A major source for Tuchman's Stilwell biography were his diaries, both those which had already been edited by Theodore White and published as The Stilwell Papers in 1948 as well as earlier, hitherto unpublished diaries and letters. Other important primary sources were numerous interviews with people who had known Stilwell and worked with him as well as documents from military archives and private papers of some of Stilwell's contemporaries. The extensive bibliography of secondary sources lists many English-language works written in the 1930s, 1940s, and 1950s, among them a number of memoirs and biographies. Tuchman complemented her study with copious notes.

      Stilwell and the American Experience in China, which won its author her second Pulitzer Prize, is a well-researched and well-written history. Since the book was first published twenty-four years ago, new documents have become available, but Tuchman's work remains a valuable reading for everybody interested in the period and/or America's Far-East policy in the twentieth century.

      Tuchman also wrote The Guns of August, about the beginning of WW I
      and A Distant Mirror, about the effect of the plague on Europe in the middle ages, using it as a rough parallel to the potential effects of a nuclear war on society.
      Stillwell hated Chiang Kai Shek, all of his warlords and all of the rampant corruption that was endemic to China. He openly referred to the bald headed Chinese Leader as "Peanut" and didn't care who heard him say this. Needless to say, Stillwell wasn't on Chiang's "best friend list" either.
      "Profanity is but a linguistic crutch for illiterate motherbleepers"

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      • #4
        Much like Slim in India, Stilwell got the short end of the stick when it came to supplies and men. He was doing a thankless task in an almost forgotten part of the war.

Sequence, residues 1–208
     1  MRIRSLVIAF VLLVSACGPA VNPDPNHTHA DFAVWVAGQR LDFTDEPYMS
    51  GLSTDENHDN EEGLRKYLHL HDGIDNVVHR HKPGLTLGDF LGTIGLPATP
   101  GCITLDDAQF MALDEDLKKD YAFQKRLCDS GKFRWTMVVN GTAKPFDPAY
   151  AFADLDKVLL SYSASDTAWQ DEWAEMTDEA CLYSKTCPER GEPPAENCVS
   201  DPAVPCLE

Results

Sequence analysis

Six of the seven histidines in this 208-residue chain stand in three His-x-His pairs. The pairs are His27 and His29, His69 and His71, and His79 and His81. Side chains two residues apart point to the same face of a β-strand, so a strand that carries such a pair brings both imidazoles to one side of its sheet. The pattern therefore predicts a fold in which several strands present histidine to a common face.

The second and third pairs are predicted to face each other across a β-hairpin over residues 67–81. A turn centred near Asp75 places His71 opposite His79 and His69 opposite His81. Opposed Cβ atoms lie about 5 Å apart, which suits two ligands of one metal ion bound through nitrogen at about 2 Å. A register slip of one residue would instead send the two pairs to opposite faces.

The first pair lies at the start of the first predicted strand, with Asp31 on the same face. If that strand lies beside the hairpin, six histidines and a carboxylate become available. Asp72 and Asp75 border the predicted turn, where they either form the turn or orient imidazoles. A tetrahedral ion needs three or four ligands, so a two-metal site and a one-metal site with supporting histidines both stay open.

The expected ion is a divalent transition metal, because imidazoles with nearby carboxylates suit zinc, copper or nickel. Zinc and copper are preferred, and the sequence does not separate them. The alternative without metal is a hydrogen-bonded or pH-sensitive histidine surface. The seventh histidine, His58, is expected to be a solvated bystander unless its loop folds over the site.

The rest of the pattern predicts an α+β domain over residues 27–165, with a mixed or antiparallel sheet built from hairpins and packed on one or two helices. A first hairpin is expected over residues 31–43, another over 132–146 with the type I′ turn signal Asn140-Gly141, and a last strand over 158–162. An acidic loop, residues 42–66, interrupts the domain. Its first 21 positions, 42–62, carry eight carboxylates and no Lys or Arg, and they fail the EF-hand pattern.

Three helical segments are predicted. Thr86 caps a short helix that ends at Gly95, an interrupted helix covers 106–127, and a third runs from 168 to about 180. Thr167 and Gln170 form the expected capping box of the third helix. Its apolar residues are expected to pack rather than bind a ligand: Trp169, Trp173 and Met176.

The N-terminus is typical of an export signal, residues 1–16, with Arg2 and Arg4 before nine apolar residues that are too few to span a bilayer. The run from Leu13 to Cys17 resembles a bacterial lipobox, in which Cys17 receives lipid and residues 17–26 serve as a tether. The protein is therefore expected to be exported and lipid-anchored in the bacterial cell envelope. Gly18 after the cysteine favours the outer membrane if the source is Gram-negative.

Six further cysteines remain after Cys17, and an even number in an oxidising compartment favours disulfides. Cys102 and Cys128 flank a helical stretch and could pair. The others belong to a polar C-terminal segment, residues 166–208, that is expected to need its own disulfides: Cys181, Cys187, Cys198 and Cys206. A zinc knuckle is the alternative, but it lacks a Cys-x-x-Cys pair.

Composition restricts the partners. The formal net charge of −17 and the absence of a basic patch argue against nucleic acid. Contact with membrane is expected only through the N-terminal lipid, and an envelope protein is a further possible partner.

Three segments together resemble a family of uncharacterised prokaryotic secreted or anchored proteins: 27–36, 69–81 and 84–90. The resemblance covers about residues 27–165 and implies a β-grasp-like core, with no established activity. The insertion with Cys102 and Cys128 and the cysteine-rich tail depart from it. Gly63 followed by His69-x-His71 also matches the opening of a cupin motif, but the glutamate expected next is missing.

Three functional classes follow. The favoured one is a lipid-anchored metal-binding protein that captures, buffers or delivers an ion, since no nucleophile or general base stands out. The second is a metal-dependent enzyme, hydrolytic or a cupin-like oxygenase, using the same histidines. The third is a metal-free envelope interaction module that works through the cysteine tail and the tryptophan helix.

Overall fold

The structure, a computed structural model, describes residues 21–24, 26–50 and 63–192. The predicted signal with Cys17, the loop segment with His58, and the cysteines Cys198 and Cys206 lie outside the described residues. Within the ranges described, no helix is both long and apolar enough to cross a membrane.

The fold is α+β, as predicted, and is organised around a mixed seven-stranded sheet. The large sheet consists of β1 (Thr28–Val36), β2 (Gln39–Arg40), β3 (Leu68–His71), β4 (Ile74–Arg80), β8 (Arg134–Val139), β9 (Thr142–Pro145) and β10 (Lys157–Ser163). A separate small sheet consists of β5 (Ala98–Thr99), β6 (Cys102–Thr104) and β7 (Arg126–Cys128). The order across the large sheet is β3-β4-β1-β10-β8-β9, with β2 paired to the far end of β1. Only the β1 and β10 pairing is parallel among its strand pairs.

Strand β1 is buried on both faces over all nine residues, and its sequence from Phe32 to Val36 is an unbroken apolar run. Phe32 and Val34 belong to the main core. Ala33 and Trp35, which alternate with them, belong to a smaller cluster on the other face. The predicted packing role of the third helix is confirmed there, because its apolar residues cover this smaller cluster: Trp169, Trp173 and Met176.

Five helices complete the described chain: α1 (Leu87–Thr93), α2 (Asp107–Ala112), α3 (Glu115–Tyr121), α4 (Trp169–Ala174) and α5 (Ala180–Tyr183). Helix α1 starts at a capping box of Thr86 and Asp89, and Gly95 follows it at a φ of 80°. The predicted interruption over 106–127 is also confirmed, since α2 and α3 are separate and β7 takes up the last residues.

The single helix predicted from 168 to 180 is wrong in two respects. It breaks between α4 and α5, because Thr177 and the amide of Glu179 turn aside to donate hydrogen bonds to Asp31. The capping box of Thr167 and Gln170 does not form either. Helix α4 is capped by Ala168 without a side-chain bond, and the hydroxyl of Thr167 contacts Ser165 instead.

Here's the last paragraph from the entry on him from the Harper Encyclopedia of Military Biography:

        "Stilwell was opinionated and sometimes irascible(hence the nickname "Vinegar Joe"), and he did not suffer fools gladly; he was also a perceptive and farsighted strategist; and a flexible and innovative tactician; he was energetic and encouraged initiative in his subordinates; he also showed deep concern for the welfare of his men and had a fine, wry sense of humor."


        On the deep concern for his men, I've read that some of the men from Merrill's Marauders felt he overused them, using them so often that they never had time for rest or replacements. I've only found that view in one book and I can't really remember the title just now. Sorry.
        Last edited by R. Evans; 27 Sep 07, 12:28.
        Beer is proof that God loves us and wants us to be happy.

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        • #5
          Stillwell did not like the British either (I wonder if there was another country he did like?). Part of his problems in Burma was related to his staff. I don't think they always told him the truth, or at least he did blame them on occasion. Just about every Special Raiding unit at one time or another was misused by higher authority, especially if they did not have enough Infantry around. Bernard Ferguson had some interesting things to say about Stillwell in his biography.

          Stillwell did see active service again on Okinawa when Simon B. Buckner got killed. He was already suffering from the cancer that claimed his life immediately after the war was over.

          I liked the guy and thought he was one of the better qualified and astute generals we had available in 1941. I would have liked to have see him in North Africa or more likely under MacArthur in the Pacific. He was definitely NOT a political general!

          Pruitt
          Pruitt, you are truly an expert! Kelt06

          Have you been struck by the jawbone of an ASS lately?

          by Khepesh "This is the logic of Pruitt"

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          • #6
            I second Pruitt on Stilwell not being a political general. He was also from the old school of soldiering. He went where he was told and did what he was told with little complaint. The only real complaining he did was over the Chinese. Chiang Kai-Shek in particular.